Illustration by Isabelle Crottet

Illustration by Isabelle Crottet

The City of Geneva promotes citizen climate action
After adopting urgent climate measures in 2020, the municipality is finalising its strategy and encourages residents to adopt emission-reducing habits
1 Nov 2021

Geneva hosts numerous organisations and NGOS at the forefront of worldwide sustainability issues, and the municipality is currently developing a detailed climate strategy in order to reduce its emissions by 60% in 2030 and achieve carbon neutrality by 2050.This will include structural investments, such as renovating hundreds of municipal buildings, building additional bike lanes, and planting trees.

According to Alfonso Gomez, Executive Councillor of the City of Geneva, “the current pandemic context should not overshadow the unprecedented climate crisis we are experiencing. Today, our objective is twofold: we must drastically reduce our greenhouse gas emissions, but also implement measures to adapt to climate change.”

But at a personal level, how can we enjoy living in Geneva while reducing our environmental footprint, and which lifestyle choices really make a difference? The City of Geneva is currently launching a campaign for the promotion of habits with significant potential for reducing our emissions:

• Avoiding overheating

• Eating more plant-based food

• Choosing low-carbon daily mobility

• Traveling on land, by train

• Repairing and sharing

This article will comment on each of these choices. More information is available on the city website and current events are posted on the “Genève, ville durable” Facebook page.

Avoiding overheating

Heating represents an important part of Geneva’s carbon footprint. While long-term plans include building renovation to achieve 100% renewable heating, many old buildings in Geneva still use oil or gas. Each additional degree uses 7% more energy, so much fuel can be gained by turning down the thermostat, from 22°C to 20°C for instance, and it is also healthier, especially in bedrooms. Before cranking up the heat, try wearing a cozy sweater, or drinking hot tea!

Eating more plant-based food

The production of meat has a high carbon footprint. Currently, Swiss average meat consumption is 1,2 kg per person per week, whereas health and climate-based recommendations are around 300g. This is why Geneva’s school restaurants now serve more vegetarian meals. It is also important to choose seasonal food, and the city website can help you discover local producers: If you wish to grow your own produce, you might find a project in your neighborhood via

General climate choices campaign visual.

Choosing low-carbon daily mobility

Car commuting has a high climate impact, so it is important to seek alternatives such as cycling or public transportation. Recent local developments for cyclists include better bike paths around the lake, and the bikesharing system is now available. You can also borrow cargobikes via The train network, which was inaugurated just before the pandemic, is now fully functional and links Geneva with neighbouring Vaud and France.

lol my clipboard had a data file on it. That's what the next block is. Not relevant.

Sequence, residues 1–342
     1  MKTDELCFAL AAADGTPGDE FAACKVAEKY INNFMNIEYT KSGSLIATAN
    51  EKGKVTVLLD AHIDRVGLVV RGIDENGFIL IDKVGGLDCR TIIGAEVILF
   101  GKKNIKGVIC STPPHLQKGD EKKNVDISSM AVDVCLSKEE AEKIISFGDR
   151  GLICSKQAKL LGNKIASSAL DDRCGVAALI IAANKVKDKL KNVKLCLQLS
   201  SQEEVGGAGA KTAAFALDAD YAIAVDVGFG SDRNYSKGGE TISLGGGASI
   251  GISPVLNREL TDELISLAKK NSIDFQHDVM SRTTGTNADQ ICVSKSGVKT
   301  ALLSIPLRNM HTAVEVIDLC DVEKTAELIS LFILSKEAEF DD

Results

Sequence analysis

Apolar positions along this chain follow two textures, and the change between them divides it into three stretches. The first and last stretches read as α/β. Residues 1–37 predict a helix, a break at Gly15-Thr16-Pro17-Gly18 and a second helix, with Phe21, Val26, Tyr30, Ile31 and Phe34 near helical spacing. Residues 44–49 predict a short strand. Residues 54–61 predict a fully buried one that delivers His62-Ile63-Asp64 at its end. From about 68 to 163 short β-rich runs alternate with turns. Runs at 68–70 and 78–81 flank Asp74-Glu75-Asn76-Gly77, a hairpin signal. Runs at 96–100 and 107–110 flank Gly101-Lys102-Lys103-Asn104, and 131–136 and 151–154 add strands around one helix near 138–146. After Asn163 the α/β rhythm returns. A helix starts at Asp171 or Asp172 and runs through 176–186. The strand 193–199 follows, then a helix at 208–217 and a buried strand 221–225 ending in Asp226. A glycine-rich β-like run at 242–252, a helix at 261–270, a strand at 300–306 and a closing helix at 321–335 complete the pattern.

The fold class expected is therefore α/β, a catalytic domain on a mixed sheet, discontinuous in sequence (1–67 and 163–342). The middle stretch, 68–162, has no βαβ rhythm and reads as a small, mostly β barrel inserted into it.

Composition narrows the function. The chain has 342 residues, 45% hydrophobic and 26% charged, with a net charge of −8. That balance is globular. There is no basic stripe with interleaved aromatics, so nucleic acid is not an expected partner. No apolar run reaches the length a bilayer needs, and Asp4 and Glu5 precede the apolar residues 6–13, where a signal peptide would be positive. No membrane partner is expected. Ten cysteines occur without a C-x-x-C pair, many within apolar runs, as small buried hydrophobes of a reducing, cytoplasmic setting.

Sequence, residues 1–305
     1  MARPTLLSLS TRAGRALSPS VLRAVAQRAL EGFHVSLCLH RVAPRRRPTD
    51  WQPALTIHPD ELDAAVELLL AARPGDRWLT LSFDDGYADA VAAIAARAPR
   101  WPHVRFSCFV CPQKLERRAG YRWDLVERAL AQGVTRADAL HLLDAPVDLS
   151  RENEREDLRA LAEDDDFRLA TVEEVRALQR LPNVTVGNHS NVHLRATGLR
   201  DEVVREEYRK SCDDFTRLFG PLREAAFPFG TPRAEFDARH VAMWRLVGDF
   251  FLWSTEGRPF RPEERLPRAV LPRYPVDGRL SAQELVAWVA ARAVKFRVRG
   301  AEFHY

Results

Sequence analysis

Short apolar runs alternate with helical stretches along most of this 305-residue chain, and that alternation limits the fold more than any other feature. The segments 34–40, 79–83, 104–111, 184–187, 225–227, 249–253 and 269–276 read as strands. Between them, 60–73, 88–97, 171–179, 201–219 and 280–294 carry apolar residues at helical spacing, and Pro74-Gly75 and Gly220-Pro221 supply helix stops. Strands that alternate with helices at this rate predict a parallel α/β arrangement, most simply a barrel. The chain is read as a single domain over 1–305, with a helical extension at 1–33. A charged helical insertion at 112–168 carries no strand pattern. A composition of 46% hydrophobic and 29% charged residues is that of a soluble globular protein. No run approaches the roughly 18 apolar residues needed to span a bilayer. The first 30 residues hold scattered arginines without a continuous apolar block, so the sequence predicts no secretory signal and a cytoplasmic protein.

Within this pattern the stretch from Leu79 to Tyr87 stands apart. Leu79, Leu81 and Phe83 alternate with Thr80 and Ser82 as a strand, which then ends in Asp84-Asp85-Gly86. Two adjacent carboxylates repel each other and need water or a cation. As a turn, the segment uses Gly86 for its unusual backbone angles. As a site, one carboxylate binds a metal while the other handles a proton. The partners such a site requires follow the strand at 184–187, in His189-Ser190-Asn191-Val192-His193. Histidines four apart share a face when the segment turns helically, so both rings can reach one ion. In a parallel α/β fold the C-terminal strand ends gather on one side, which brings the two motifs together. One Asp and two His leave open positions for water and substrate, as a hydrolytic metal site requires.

Traveling on land, if possible by train

Air flight weighs heavily on our carbon footprints and Swiss residents tend to fly twice as much as in neighboring countries. On each occasion, it is important to consider alternatives: professionally, videoconferences should be chosen whenever possible. At a personal level, local staycations or regional holidays should be considered, using Europe’s excellent train connections and Geneva’s varied summer activities. While personal constraints sometimes make flying inevitable, it may be possible to limit flight frequency or minimise the number of separate flight legs.

Repairing and sharing

Citizens of rich nations like Switzerland buy far too much new stuff! Clothes, electronics, furniture…often cheaply made and quickly discarded, adding to mountains of waste. In addition to the social impact of poor working conditions, the climate impact of buying new objects is significant. Therefore, the City of Geneva promotes the empowerment of its residents to repair, re-use or share things. The recently opened MACO ( is a collaborative makerspace where, for example, you can borrow tools or cooking equipment, exchange clothes, repair your bike or make a new coffee table using secondhand materials. And, if you prefer expert repairs, you can find qualified artisans on

Altogether, Geneva has a rich ecosystem of associations and businesses which can help us make sustainable choices, many of which are showcased on the municipal website. Together, at the personal, local, regional and international levels, we can make the necessary changes for our planet to be livable in 2050. If you have any questions or comments on the article, feel free to contact

* Nadine Allal is Project manager for the Agenda 21 – Sustainable City unit of the City of Geneva.
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